The review from Dieter Bohn at The Verge - certified keyboard enthusiast and Palm fan and thus an awesome person you can trust because anyone who sings the praises of Palm is a great person, as well all undoubtedly know - is, overall, positive, but the software issues he experienced did mar the experience considerably.

In truth, I wanted to tell him to do it. But I couldn't. There are enough software bugs and slowdowns that I had to tell him to hold off and see if BlackBerry could finish the job it started here. Take those good ideas and buff off their rough edges, make the software just a little more stable. Because as a first effort at an Android phone, the Priv is remarkable, and I couldn't wait to see what a second push would do for it (assuming, of course, that BlackBerry gets the chance).

I agree with Bohn that such software issues on a flagship device that's supposed to save a company's handset business are dealbreaker - this machine costs a hefty €699, and for that, you deserve a phone without such issues.

That being said, I'm still excited for the phone, if only because it will surely be picked up by the Android ROM community soon enough. This one is definitely on my list to eventually replace my Nexus 5.


Linked by Thom Holwerda on Thu 5th Nov 2015 23:58 UTC
PDAs, Cellphones, Wireless

Android registered a slight year-on-year increase in marketshare, while Apple gained traction, driven by strong demand for new iPhone models. Microsoft, BlackBerry and Firefox drifted down, while Tizen posted tangible growth and overtook BlackBerry being the fourth largest OS platform for the first time ever.

Good news to see Tizen gain at least some traction - although admittedly taking over BlackBerry OS is like winning the 100 m sprint while your competitors are all asleep. In case you're not familiar with Tizen, this helpful video will explain... Wait what did I just watch?

In any event, I'm genuinely interested in getting a Tizen device once they hit Europe at a justifiable price point. Great addition to the collection.


Linked by Thom Holwerda on Thu 5th Nov 2015 23:56 UTC

Google is reportedly taking a page out of Apple's playbook and expressing interest in co-developing Android chips based on its own designs, according to a report today from The Information. Similar to how the iPhone carries a Ax chip designed by Apple but manufactured by companies like Samsung, Google wants to bring its own expertise and consistency to the Android ecosystem. To do that, it would need to convince a company like Qualcomm, which produces some of the top Android smartphone chips today using its own technology, to sacrifice some of its competitive edge. Google did not respond to a request for comment.

Within a few years, Google will be competing head-to-head with Apple, with its own line of smartphones, tablets, laptops, and maybe even desktops, all running Android.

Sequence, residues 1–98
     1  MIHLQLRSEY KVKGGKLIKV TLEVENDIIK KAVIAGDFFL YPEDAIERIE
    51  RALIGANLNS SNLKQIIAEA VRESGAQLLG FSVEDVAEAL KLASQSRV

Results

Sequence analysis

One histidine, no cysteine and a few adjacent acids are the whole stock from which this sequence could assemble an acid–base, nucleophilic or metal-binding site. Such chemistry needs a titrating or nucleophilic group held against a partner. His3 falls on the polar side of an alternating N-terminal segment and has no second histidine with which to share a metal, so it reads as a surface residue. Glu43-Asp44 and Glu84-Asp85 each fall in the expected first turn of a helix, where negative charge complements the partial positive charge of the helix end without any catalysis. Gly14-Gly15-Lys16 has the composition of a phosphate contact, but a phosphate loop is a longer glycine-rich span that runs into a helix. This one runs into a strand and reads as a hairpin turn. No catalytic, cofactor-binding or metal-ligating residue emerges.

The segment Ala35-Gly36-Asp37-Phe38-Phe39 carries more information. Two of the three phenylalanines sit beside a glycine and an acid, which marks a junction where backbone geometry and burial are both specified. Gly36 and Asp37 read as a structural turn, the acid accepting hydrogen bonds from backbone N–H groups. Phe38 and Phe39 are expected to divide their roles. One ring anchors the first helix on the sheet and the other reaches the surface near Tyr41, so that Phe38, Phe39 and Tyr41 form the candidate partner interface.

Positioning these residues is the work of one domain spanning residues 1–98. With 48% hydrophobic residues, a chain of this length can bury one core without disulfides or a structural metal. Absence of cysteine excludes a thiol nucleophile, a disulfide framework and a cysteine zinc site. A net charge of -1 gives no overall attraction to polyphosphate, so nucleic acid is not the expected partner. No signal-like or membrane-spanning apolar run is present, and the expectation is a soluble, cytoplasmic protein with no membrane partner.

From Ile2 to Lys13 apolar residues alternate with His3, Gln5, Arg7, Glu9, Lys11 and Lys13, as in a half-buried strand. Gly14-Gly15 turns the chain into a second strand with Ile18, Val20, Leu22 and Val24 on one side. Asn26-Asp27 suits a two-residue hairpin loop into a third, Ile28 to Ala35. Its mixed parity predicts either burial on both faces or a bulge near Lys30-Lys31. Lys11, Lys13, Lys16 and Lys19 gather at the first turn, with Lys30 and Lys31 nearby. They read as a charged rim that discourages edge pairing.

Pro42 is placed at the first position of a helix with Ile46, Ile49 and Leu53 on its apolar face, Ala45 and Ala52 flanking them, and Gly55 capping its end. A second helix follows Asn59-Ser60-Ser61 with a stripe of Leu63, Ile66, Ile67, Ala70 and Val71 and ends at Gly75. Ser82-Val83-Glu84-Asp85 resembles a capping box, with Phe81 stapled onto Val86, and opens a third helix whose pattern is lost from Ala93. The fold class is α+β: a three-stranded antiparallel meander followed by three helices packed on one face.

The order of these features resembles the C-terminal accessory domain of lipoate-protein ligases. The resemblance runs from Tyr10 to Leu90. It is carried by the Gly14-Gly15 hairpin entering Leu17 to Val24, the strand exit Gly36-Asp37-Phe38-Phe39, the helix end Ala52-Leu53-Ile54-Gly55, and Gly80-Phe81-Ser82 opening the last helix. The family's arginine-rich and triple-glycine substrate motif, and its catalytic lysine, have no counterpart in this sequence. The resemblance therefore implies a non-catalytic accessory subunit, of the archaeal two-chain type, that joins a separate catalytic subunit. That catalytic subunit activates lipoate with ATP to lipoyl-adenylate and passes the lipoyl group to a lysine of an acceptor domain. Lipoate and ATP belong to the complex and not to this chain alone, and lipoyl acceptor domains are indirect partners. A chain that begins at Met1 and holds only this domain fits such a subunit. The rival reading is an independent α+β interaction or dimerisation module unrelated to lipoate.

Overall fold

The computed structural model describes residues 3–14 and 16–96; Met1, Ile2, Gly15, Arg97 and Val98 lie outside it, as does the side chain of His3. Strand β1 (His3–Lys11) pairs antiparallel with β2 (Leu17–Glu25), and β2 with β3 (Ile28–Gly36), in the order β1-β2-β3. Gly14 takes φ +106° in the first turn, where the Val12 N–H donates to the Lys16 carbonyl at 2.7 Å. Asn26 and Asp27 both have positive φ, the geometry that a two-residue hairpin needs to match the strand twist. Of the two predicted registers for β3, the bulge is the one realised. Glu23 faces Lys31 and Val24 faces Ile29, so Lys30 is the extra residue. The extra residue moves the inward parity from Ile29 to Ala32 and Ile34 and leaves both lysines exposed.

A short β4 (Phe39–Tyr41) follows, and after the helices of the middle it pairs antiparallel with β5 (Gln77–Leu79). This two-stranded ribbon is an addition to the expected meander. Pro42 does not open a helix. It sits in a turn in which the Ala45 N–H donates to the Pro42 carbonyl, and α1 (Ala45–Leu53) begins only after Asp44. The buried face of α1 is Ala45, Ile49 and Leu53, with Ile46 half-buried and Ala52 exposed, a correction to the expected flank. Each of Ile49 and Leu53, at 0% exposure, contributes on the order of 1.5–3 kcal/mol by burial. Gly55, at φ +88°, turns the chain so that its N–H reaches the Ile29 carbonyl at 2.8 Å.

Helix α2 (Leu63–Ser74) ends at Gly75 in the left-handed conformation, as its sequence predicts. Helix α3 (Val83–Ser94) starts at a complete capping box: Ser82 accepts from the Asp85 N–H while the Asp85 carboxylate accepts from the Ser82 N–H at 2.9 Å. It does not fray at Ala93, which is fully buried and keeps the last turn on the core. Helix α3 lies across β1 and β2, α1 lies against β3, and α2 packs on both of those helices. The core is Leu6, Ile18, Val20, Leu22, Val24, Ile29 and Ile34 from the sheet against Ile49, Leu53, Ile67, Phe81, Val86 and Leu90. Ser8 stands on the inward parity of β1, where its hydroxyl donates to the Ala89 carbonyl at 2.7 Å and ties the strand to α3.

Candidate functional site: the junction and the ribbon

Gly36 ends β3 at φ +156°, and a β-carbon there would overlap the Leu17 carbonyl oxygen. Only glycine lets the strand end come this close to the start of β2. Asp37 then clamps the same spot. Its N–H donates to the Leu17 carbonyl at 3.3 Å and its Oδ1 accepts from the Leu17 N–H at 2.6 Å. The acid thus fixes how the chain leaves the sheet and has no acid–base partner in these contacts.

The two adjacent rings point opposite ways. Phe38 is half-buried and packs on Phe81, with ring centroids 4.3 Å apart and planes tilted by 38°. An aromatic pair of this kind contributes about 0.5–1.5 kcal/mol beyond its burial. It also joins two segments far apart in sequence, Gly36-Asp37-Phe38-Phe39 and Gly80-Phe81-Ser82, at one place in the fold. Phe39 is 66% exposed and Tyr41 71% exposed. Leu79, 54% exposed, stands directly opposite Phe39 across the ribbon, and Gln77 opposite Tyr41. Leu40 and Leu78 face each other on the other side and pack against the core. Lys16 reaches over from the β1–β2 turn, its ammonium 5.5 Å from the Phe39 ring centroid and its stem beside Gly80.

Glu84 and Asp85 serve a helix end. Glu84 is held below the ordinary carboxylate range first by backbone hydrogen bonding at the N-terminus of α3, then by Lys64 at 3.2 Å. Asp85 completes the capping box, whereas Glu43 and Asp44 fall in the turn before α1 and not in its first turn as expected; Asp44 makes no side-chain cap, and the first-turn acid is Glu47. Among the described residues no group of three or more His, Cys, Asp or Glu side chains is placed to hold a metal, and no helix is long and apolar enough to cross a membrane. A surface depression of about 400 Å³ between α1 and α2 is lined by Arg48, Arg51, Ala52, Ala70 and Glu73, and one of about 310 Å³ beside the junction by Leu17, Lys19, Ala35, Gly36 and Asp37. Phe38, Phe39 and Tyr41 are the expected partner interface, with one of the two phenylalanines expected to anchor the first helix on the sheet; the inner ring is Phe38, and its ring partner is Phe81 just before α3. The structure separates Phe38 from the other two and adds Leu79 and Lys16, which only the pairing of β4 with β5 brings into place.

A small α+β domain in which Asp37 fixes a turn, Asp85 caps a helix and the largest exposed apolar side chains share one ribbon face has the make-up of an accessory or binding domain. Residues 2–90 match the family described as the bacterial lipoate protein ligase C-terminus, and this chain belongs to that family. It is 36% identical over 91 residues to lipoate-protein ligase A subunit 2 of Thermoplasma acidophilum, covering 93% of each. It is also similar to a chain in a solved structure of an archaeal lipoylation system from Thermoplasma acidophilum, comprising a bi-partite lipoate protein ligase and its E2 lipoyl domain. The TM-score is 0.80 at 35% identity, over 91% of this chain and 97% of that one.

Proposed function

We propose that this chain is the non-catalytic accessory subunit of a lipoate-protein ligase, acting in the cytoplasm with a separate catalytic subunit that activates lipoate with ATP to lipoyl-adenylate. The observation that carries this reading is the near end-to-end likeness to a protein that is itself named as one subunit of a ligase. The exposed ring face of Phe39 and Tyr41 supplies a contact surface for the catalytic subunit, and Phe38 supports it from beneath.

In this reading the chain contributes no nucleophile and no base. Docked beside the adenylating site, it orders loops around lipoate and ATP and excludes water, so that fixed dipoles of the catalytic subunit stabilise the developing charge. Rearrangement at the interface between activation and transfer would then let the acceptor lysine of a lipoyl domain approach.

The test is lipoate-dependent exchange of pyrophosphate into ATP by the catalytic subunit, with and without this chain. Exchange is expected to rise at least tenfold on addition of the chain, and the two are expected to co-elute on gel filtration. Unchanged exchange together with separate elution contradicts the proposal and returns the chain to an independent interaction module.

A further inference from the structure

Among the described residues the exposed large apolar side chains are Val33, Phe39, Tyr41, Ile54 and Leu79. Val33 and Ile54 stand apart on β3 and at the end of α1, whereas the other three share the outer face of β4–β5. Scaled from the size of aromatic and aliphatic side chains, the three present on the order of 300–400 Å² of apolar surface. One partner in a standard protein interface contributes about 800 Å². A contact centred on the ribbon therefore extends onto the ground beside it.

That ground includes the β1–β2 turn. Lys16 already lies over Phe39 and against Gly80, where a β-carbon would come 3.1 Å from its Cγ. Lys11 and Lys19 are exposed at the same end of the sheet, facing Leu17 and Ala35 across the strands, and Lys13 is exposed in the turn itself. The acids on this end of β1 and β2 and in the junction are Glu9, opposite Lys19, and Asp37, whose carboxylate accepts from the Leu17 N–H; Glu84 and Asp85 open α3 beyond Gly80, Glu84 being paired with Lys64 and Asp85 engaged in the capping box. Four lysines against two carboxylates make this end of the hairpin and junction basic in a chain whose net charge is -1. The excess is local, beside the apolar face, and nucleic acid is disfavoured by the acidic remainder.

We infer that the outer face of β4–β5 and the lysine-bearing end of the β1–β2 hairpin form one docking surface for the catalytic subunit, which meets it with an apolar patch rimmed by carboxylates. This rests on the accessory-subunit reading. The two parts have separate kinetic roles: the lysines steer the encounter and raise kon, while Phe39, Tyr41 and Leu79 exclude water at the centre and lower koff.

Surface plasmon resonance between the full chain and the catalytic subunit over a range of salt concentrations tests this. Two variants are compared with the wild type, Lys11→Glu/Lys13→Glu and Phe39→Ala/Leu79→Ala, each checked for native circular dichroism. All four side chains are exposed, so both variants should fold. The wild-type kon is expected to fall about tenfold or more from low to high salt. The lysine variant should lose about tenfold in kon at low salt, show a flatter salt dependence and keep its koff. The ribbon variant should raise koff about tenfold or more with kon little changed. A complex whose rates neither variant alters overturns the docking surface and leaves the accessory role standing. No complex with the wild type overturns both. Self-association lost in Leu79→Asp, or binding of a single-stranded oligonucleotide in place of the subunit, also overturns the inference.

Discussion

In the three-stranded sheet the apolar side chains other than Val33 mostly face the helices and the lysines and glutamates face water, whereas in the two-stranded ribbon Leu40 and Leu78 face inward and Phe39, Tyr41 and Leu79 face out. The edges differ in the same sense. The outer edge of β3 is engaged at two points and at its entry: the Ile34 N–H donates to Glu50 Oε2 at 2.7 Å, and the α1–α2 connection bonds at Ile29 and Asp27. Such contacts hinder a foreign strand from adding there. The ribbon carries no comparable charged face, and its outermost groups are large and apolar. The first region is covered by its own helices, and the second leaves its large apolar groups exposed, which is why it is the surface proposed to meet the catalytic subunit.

Linked by Thom Holwerda on Thu 5th Nov 2015 00:06 UTC
Red Hat

The partnership we are announcing today with Red Hat extends our commitment to offer unmatched choice and flexibility in an enterprise-grade cloud experience across the hybrid cloud. With more than 80 percent of the Fortune 500 using Microsoft’s cloud, for us to team with the leader in enterprise Linux allows even more businesses to move to the cloud on their terms. By working with Red Hat, we will address common enterprise, ISV and developer needs for building, deploying and managing applications on Red Hat software across private and public clouds, including the following.

Only fourteen short years ago:

Linux is not in the public domain. Linux is a cancer that attaches itself in an intellectual property sense to everything it touches.

What a time to be alive.


Linked by Thom Holwerda on Wed 4th Nov 2015 23:28 UTC, submitted by Mark Glenn
OSNews, Generic OSes

OOSMOS, the Object Oriented State Machine Operating System, is an open source implementation of threadless concurrency for C/C++. The portable, single-source file implementation makes it easy to integrate into any environment - from bare boards to mainframes. Out of the box, it compiles and runs on many small processors and boards (including Arduino) as well as on Windows and Linux. It is our goal for developers of any skill level to be able to use OOSMOS effectively, whether building a science project on an Arduino or building an advanced medical device.

We've already talked about OOSMOS before, but the project's just gone open source.


Linked by avgalen on Wed 4th Nov 2015 23:19 UTC

The bad news:

For months, privacy advocates have asked Congress to kill or reform the Cybersecurity Information Sharing Act, a bill that they say hides new government surveillance mechanisms in the guise of security protections. Now the Senate has shot down a series of attempts to change the legislation’s most controversial measures, and then passed it with those privacy-invasive features fully intact.

The good news:

The new rules for exemptions to copyright's DRM-circumvention laws were issued today, and the Librarian of Congress has granted much of what EFF asked for over the course of months of extensive briefs and hearings. The exemptions we requested - ripping DVDs and Blurays for making fair use remixes and analysis; preserving video games and running multiplayer servers after publishers have abandoned them; jailbreaking cell phones, tablets, and other portable computing devices to run third party software; and security research and modification and repairs on cars - have each been accepted, subject to some important caveats.


Linked by Thom Holwerda on Wed 4th Nov 2015 11:32 UTC